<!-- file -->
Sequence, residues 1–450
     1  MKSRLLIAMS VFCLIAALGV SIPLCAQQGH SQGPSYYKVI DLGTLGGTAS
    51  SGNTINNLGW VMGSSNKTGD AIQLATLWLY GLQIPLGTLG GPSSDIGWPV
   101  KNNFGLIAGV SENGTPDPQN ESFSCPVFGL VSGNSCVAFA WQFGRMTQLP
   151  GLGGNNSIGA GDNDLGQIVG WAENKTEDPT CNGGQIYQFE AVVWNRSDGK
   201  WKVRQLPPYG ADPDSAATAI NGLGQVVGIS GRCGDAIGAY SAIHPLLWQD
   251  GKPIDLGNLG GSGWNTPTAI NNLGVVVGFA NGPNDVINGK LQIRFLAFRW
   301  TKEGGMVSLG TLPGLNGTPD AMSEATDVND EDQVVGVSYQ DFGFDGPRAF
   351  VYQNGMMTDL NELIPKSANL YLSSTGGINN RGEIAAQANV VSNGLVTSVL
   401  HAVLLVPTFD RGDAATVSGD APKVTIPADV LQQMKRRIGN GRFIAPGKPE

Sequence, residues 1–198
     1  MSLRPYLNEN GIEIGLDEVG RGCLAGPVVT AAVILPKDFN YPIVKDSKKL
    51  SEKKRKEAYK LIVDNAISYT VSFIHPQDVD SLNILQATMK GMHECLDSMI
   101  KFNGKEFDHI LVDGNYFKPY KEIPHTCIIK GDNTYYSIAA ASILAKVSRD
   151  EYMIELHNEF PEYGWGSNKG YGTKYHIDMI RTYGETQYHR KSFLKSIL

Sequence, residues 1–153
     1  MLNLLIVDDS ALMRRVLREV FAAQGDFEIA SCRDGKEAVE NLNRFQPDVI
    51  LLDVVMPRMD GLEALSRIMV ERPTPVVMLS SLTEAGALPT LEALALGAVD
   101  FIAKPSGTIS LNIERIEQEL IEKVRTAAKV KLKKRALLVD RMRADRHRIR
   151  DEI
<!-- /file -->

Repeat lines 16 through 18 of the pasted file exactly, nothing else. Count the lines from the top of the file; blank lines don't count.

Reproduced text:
Sequence, residues 1–153
     1  MLNLLIVDDS ALMRRVLREV FAAQGDFEIA SCRDGKEAVE NLNRFQPDVI
    51  LLDVVMPRMD GLEALSRIMV ERPTPVVMLS SLTEAGALPT LEALALGAVD